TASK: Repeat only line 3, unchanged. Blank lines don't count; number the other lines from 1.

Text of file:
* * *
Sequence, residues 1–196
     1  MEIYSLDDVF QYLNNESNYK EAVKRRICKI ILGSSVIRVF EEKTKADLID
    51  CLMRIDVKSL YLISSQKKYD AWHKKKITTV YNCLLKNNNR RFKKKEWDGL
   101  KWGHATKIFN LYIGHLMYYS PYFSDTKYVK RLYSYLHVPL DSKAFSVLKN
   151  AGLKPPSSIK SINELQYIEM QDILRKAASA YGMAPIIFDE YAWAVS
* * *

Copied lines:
    51  CLMRIDVKSL YLISSQKKYD AWHKKKITTV YNCLLKNNNR RFKKKEWDGL